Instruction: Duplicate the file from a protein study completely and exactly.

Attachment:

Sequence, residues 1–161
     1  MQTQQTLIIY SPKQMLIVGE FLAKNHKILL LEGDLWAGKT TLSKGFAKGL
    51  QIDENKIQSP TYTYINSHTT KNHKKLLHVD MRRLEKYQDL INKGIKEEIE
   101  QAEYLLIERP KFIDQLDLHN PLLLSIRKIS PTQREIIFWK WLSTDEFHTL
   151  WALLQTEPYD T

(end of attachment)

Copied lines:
Sequence, residues 1–161
     1  MQTQQTLIIY SPKQMLIVGE FLAKNHKILL LEGDLWAGKT TLSKGFAKGL
    51  QIDENKIQSP TYTYINSHTT KNHKKLLHVD MRRLEKYQDL INKGIKEEIE
   101  QAEYLLIERP KFIDQLDLHN PLLLSIRKIS PTQREIIFWK WLSTDEFHTL
   151  WALLQTEPYD T